Skip to Main Content
Ask A Librarian

Open Licenses for sharing your work

Balancing the rights of creators and users. Open licenses grant users some permissions to use and distribute a work, permission not granted by the default "all rights reserved" of copyright.


The information on this site and from the Scholarly Communication Librarian, as well as WVU Libraries, is not legal advice and is provided for informational purposes only. We are not counsel to any members of the WVU community and are unable to provide legal advice.

Scholarly Communication Librarian

Profile Photo
Jonah McAllister-Erickson
He, Him, His, They, Them
WVU Downtown Campus Library
1549 University Ave.
Morgantown, WV 26506

Office 1004A

I can assist you with

  • Finding openly licensed materials
  • Selecting a Creative Commons or other open license for your work
  • Resources for selecting and evaluating open licenses
  • Resources to help you understand your rights as a licensees and a licensor 
  • Understanding your rights as an author/creator

But when it's time to interpret legal copyright statutes, contracts, and specific re-use situations, we'll leave that to you and if necessary your attorney.

If you have a question about the limitations of our services, please feel free to ask. 


This guide is based in part on the University of Pittsburgh Guide: Open Licenses: Creative Commons and other options for sharing your work by Jonah McAllister-Erickson is licensed under CC BY 4.0

Understanding Open Licesning

The default position of copyright  is "all rights reserved" for creative works by U.S. authors. Although there are some important exemptions to this standard, Creative Commons and other open licenses are free tools that let authors, scientists, artists, students and educators easily let each other know how much or how little others can use their works. Importantly, these licenses do not require someone to contact you each time they want to use your works.

Copyright applies automatically to any original work (must be created by the author rather than copied) that has a minimal degree of creativity.  It must also be "fixed in [a] tangible medium, of expression" meaning that it must in some sense be recorded and perceivable, such as on paper, in a computer file, or on a DVD.

Some things cannot be copyrighted: 

  • Facts or ideas
  • Titles, names, short phrases, or slogans
  • Procedures, methods, systems or processes
  • Works of the United States government
  • Works that have passed into the public domain

Creative Commons

Creative Commons (CC) is a not for profit organization founded in 2001. In December 2002, it released its first group of licenses. The organization's goal is to help people take full advantage of the internet's capability for aiding in the dissemination of information.

Creative Commons licenses have become perhaps the most widely-used open licenses for Open Educational Resources (OER). Under the terms of the licenses, the copyright holders (licensors) still retain their copyrights and grant usage rights to the public (licensees). The licenses offer creators an array of choices with regards to the permissions they will grant to others.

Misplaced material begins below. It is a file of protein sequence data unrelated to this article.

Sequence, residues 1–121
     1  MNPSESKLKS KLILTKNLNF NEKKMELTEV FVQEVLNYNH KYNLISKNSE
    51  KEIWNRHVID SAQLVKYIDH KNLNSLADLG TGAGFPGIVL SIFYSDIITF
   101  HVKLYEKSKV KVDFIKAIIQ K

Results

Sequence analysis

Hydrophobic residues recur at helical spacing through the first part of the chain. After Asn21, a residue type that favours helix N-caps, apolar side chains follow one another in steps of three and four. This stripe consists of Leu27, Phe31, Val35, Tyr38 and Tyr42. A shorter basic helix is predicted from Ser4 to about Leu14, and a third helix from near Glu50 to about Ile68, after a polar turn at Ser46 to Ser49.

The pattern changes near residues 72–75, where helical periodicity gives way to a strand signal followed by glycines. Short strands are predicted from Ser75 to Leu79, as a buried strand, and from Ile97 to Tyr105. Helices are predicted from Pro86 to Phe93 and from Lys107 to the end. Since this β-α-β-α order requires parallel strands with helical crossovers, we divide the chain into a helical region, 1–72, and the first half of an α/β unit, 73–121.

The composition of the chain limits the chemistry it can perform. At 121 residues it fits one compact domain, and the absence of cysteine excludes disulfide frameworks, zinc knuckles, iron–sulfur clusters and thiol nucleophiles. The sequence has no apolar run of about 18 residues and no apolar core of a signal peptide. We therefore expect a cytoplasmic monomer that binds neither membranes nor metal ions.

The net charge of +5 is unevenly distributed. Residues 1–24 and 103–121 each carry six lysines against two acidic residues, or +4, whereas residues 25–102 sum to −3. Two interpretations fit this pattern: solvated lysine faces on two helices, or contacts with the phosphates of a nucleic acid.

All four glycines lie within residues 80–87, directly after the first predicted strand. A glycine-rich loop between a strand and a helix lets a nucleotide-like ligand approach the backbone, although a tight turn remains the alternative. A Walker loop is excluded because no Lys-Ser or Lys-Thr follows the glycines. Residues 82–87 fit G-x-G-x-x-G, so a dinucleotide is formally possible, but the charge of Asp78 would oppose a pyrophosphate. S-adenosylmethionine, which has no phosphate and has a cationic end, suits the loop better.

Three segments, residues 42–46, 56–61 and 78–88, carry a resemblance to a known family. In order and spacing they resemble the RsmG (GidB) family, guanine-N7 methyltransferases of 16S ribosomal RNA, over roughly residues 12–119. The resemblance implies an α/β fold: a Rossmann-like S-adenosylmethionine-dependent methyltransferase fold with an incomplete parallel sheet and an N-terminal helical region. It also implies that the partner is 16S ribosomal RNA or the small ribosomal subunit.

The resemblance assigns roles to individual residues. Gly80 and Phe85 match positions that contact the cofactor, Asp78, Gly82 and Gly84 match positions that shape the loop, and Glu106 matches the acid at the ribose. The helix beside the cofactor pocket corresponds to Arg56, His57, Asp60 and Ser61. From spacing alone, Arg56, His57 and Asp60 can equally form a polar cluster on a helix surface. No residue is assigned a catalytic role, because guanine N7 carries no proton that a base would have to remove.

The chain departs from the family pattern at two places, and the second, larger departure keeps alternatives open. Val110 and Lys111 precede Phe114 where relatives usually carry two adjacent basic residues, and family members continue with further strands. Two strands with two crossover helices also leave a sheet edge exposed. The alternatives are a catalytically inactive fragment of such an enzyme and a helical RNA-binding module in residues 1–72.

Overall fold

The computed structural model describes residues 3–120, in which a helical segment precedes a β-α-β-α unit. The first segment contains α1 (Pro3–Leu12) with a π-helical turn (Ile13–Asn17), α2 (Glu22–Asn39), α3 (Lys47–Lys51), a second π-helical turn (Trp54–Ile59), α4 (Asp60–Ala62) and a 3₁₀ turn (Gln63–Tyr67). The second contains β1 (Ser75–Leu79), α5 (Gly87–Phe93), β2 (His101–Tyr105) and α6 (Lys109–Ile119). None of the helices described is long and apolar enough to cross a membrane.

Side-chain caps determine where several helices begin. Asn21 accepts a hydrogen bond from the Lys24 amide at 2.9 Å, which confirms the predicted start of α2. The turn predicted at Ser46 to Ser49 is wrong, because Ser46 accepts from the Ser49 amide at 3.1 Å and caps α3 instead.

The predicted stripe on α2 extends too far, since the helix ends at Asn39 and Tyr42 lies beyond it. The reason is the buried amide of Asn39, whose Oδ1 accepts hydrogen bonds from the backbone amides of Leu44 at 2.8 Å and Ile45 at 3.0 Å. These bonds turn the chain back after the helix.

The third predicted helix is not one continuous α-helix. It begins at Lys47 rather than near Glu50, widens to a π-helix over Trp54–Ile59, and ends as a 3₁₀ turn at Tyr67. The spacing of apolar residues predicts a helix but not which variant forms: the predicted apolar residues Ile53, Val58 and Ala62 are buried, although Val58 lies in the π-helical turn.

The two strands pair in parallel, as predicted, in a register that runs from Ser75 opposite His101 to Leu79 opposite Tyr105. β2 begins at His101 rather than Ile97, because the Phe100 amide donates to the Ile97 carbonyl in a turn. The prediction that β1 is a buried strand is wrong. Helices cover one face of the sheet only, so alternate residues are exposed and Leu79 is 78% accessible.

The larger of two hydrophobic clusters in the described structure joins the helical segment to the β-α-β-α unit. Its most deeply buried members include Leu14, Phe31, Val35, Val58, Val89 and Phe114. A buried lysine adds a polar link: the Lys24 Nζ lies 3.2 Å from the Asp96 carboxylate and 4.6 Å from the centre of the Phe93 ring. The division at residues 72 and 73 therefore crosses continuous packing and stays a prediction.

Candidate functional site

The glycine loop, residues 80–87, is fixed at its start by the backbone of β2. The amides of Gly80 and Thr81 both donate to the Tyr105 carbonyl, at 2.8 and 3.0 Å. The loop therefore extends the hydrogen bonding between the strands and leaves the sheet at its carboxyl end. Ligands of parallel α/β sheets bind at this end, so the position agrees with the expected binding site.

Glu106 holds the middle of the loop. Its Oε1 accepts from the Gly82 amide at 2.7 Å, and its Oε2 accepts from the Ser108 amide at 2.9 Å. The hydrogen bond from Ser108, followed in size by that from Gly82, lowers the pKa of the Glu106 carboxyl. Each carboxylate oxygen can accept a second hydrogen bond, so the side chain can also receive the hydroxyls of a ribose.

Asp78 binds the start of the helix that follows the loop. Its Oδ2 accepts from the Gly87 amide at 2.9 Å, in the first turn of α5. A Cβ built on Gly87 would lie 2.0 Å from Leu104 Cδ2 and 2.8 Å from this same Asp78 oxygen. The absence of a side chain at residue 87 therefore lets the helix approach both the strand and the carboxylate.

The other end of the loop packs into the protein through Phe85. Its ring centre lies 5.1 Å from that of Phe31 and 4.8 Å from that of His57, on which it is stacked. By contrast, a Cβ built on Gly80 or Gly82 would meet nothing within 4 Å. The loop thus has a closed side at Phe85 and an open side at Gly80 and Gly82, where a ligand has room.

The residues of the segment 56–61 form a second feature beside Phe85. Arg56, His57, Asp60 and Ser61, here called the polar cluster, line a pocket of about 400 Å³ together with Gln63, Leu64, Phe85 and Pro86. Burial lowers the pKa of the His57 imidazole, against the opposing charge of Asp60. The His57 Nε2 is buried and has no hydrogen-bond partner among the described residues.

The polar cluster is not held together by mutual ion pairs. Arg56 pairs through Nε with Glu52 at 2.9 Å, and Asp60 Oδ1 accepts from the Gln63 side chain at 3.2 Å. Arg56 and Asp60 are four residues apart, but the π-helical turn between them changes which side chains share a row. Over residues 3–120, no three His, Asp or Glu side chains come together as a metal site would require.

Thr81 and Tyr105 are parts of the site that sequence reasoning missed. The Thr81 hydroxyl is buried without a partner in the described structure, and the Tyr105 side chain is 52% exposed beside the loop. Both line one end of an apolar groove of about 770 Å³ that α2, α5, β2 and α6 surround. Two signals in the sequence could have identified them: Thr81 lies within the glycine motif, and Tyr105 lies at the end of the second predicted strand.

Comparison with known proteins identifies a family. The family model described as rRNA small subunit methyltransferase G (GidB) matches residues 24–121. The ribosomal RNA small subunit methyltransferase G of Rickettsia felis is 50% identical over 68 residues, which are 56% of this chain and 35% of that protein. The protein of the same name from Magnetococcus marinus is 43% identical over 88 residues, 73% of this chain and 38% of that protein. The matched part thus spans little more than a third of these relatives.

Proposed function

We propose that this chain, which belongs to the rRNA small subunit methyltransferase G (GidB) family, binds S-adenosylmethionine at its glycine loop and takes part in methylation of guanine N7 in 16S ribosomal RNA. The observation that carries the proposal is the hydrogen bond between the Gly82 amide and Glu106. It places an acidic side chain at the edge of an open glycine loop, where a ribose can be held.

Simultaneously, these licenses provide users with legal permission to use the resources, without fear of copyright infringement so long as they abide by the terms set forth. The terms are dictated in easy-to-understand terms, removing much of the ambiguity that can typically accompany such legal notices.

Below is a short video on the benefits of Creative Commons 

Open Software

The modern free software movement started in 1983 with the GNU Project which had the goal of giving computer users the freedom and control in their use of their computers by collaboratively developing and publishing software that allows others to freely; run, copy, distribute, study, and modify the software. The Linux operating system is distributed under the GNU General Public License GNU-GPL. In 1998 the related Open Software Movement started, and later that year the Open Source Initiative, like Creative Commons, a not for profit corporation, that promotes the use of open source (openly licensed) software.

Some of the best known open software license include GNU-General Public License, MIT License (which has been reported to be the most selected license on GitHub) ISC License, BSD licenses and others.

Below is a short video explaining some of the history and benefits of Openly Licensed Software


Open Data

Open data is research data that is freely available for anyone to download, modify, and distribute without any legal or financial restrictions.

Open data is:

  • Available: the data should be in whole, downloadable from the Internet, with no costs apart from reproduction fees
  • Accessible: the data should be provided in a convenient form that can be modified
  • Reusable: this should be expressed under terms provided with the data
  • Redistributable: the data can be combined with data from other research
  • Unrestricted: everyone can use, modify, and share the data, regardless of how they use the data (e.g. for commercial, non-commercial, or educational purposes)

Below is a short video from the Bernard Becker Medical Library at the University of Washington on the Case for Open Data